Seattle, WA

Skate Like a Girl Seattle, Olympic Events

Josie Hinke

The Olympics are in full swing and not many people were more excited to see the women’s skateboarding events than the members of Skate Like a Girl. Skate Like a Girl is a non-profit organization that focuses on empowering young women and trans people in skate communities, especially in their three locations; Seattle, Portland, and the SF Bay Area.

All three locations hosted a watch party for the Olympic skateboarding event, welcoming all ages to catch the action together on July 25th. The locations partnered with local breweries and bars to tune in to the street skating semi-finals and finals. Skate Like a Girl Seattle hosted its event at Bad Jimmy’s Brewing Co., in the Ballard Brewery District.

The event had a great turnout, with people of all ages gathering to watch the street skaters compete. Seattle Council Member Dan Strauss made an appearance and even tried his hand (or foot) at a few skate tricks.

The American women’s street skateboarding team is made up of Samarria Brevard, Mariah Duran, Alexis Sablone, and Alana Smith. The team is made up of a diverse group, with a range of ethnic backgrounds, sexual and gender identities even amongst just the four individuals.

Japanese skater Momiji Nishiya won gold at only thirteen years old and is an inspiration to many of the younger fans who were in attendance at the watch party.

This kind of representation is so important for organizations like Skate Like a Girl. “I was so afraid to skate for so long. Not because skating itself was so scary, but because the community seemed so unwelcoming,” explained one attendee, Lucy, who has started skating in the past year.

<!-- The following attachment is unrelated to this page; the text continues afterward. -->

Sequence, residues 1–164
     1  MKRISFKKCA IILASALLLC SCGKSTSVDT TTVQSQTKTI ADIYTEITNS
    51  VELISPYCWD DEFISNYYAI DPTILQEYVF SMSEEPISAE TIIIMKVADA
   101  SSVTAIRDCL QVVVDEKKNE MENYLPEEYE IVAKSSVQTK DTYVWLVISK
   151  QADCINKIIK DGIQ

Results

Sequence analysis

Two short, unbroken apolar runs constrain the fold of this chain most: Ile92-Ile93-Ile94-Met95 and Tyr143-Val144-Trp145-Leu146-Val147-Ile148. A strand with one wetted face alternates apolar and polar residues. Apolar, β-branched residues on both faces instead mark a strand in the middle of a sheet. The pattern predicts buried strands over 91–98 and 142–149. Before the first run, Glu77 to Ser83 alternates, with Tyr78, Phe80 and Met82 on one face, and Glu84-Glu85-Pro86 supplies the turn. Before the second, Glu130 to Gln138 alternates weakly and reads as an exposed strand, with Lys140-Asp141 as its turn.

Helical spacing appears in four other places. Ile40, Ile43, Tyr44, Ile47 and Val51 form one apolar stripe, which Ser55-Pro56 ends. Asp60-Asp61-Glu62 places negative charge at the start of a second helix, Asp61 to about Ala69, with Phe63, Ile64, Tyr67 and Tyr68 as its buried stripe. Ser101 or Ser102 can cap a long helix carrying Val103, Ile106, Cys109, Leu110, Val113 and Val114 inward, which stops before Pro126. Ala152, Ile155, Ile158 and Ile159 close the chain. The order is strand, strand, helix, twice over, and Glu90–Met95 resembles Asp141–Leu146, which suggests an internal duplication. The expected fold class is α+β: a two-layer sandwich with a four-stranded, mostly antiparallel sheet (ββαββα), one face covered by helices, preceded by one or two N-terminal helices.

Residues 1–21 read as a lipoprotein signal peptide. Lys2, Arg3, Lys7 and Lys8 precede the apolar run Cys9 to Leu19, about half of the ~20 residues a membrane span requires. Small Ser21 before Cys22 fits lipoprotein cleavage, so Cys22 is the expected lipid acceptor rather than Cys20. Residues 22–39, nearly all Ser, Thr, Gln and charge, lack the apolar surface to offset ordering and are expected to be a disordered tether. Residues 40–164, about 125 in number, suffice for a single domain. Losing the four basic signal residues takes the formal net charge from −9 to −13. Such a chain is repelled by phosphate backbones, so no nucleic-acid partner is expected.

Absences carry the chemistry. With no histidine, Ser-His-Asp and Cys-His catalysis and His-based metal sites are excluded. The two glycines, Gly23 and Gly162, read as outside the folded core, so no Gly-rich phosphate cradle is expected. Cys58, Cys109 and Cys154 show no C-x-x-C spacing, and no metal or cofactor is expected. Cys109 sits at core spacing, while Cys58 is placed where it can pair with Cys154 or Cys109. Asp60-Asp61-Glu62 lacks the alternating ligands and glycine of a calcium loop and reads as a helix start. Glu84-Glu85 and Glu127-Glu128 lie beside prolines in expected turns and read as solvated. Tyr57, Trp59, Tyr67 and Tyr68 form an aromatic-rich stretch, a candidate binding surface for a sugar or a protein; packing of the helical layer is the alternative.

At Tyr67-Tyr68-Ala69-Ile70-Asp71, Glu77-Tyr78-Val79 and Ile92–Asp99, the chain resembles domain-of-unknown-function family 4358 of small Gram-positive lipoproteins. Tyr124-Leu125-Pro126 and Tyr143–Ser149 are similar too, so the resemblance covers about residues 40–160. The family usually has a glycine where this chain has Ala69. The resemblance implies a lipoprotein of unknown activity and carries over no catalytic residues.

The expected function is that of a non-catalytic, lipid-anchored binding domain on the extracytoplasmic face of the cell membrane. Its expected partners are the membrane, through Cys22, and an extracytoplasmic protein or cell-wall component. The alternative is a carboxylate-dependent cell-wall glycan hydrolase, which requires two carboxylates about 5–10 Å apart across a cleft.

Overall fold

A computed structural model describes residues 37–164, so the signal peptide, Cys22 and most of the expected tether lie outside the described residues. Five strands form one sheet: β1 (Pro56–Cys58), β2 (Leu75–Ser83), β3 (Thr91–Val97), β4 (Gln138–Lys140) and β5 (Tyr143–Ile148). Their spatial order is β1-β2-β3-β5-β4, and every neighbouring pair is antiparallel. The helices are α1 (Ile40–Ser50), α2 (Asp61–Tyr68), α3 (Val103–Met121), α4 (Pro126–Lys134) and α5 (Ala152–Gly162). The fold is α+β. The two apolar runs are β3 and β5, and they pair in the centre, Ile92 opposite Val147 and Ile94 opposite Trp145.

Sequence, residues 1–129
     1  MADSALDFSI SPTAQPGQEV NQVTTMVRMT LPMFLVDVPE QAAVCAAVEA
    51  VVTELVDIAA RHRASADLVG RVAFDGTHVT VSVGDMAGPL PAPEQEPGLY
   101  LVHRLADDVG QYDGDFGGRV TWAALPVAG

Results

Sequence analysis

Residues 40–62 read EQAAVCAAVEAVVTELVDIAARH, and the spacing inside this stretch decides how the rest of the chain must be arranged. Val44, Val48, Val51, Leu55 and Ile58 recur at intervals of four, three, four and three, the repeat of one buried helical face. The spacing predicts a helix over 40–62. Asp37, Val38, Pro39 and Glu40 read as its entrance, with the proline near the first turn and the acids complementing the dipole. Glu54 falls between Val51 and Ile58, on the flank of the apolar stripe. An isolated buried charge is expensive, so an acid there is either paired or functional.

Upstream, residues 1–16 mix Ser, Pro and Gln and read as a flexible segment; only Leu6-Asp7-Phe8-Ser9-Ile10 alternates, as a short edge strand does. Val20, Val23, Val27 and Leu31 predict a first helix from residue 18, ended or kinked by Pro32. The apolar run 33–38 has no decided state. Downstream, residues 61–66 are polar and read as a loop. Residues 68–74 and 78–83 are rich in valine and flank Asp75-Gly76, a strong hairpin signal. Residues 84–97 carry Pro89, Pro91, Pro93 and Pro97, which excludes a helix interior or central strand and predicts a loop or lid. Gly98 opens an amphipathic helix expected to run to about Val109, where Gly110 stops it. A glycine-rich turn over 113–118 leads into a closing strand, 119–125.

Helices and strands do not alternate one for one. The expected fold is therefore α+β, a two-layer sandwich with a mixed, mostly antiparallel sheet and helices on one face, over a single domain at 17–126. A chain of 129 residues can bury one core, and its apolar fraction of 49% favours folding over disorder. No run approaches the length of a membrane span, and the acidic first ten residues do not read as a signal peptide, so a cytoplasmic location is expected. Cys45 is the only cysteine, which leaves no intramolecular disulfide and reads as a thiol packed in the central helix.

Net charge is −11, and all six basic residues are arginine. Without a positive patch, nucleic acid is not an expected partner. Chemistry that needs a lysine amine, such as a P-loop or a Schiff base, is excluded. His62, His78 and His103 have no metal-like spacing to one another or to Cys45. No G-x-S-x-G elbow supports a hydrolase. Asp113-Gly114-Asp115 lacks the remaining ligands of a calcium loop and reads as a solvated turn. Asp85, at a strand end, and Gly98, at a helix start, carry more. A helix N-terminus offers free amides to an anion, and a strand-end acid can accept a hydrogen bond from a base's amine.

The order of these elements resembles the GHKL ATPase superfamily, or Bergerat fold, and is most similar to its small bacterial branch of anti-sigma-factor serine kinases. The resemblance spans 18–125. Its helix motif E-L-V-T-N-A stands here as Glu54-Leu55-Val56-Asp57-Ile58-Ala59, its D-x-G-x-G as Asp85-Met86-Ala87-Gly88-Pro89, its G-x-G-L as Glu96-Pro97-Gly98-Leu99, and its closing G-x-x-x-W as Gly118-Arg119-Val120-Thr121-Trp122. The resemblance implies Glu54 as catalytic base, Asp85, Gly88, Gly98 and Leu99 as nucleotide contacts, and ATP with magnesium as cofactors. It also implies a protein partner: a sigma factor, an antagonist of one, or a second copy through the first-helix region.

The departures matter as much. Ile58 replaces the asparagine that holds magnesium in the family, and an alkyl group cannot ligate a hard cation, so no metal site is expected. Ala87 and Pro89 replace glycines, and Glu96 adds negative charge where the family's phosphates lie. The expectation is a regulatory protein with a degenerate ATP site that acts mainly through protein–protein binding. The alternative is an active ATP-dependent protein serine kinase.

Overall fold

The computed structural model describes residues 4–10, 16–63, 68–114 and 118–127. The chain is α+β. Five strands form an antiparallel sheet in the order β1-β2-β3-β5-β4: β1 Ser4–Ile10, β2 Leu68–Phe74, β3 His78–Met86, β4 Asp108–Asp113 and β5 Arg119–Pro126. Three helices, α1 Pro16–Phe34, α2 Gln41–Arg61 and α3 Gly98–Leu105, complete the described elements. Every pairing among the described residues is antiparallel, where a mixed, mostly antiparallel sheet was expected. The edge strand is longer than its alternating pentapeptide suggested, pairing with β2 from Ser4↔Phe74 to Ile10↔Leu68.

After discovering Skate Like a Girl Seattle, Lucy has changed their view of the Seattle skating scene. “It’s good to finally be surrounded by some queer and women skaters, it’s good to have a space where I feel like not all eyes are on me and judging me.”

Skate Like a Girl is fierce in its mission to make people feel welcome, regardless of where they fit into the stereotypical view of what a skater is supposed to look like. They host youth summer camps, weekly women and/or trans skate sessions, an adult skate camp retreat, and many more community events that are open to all ages and abilities.

Their website is also the host of a series of tutorial videos, so that people can gain skating skills at home. This is one of the ways that they make sure to include everyone, even those who don’t want to leave their homes to feel like part of the Skate Like a Girl community.

In addition to their in-person programs and video tutorials, Skate Like a Girl offers financial aid for all of their programs. They also provide a virtual and free copy of their program tool kit, which is a comprehensive explanation of their mission, values, how they teach, and advocacy and allyship, including a guide to understanding and respecting the pronouns of all skaters and team members.

They are currently taking applications for a Youth Advisory Board for ages 13-22 to be directly involved in the programming, content, and other projects for Skate Like a Girl.

Events like the Olympic watch party show people of all ages, genders and sexualities that there is a place for them in the skate world and that they are not only welcome, but are wanted in the community.

If you want to learn more about Skate Like a Girl, or get involved as a participant, volunteer, or board member, visit their website, www.skatelikeagirl.com

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I am a PNW-based writer currently living in Seattle, WA. Much of my work focuses on accessibility and inclusion in the outdoor industry, but I also enjoy writing about lifestyle, arts and culture, and people.

Seattle, WA
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